Those of you familiar with the architecture of a 6105 will notice three significant differences, other than the expected presence of jeweled bearings serving the third and fourth wheel arbors and a Diafix serving the escape wheel: the first is the presence of a jeweled barrel arbor bearing; the second a crown wheel, there to provide the manual winding facility; and the third, and probably most conspicuous, the much smaller balance wheel, its smaller moment of inertia allowing the watch to run at a rate approaching twice that of the 17 jewel 6105. You will also notice the intriguing presence of the word ‘DO’ on the upper surface of the barrel itself. Its presence is not an entreaty to do something, as we might infer at this point, but to not do something. The ‘not’ in question is revealed when we remove the main plate:
‘Do not open’. Why should we not open? Well, the reason is that the demands required of a mainspring in powering a watch running at 36000 bph are considerably greater than those required to power a similar movement at 21600 bph. The mainspring has to be thicker, to provide greater torque to the train. The standard 6105/6 mainspring simply does not have the wherewithal to generate the required amplitude when running at these much higher rates. However, a 6105/6 or 6139 barrel and arbor will fit this movement and I suspect that the reason Seiko decided to effectively seal the barrel and encapsulate the mainspring forever was to limit the potential for substitution of inferior mainsprings at service. This might appear quite a reasonable thing to have done at the time but from the perspective of 2016, with stocks of replacement 6145 barrels long since exhausted, and the mainspring never available as a separate part, a failed mainspring in these watches has the potential to be a show stopper.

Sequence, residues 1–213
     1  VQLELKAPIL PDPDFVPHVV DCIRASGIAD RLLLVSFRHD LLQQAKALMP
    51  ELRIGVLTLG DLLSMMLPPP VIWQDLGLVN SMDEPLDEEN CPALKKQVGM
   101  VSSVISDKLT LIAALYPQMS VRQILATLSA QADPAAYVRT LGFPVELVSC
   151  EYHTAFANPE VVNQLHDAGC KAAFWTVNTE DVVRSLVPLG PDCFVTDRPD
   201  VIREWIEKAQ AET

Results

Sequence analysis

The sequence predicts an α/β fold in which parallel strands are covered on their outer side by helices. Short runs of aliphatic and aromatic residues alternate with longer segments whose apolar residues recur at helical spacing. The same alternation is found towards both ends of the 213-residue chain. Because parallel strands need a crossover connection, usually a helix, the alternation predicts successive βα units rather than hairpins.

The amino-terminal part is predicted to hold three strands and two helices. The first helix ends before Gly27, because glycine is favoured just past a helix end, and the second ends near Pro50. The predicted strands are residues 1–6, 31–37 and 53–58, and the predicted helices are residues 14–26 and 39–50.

Before removing the movement from the case, I wanted to confirm that a standard 61 series barrel (taken originally from a 6139B) could form the basis of a substitute. With that barrel and standard mainspring fitted, the movement sprang into life but in its pre-service state, the amplitude was pitiful on a full wind, which strongly suggested that the standard 6139 mainspring was not up to the job. Before pressing on then, let’s disobey Seiko’s instructions and open up that crimped-down barrel lid to confirm what seemed like a certainty that the original mainspring was broken: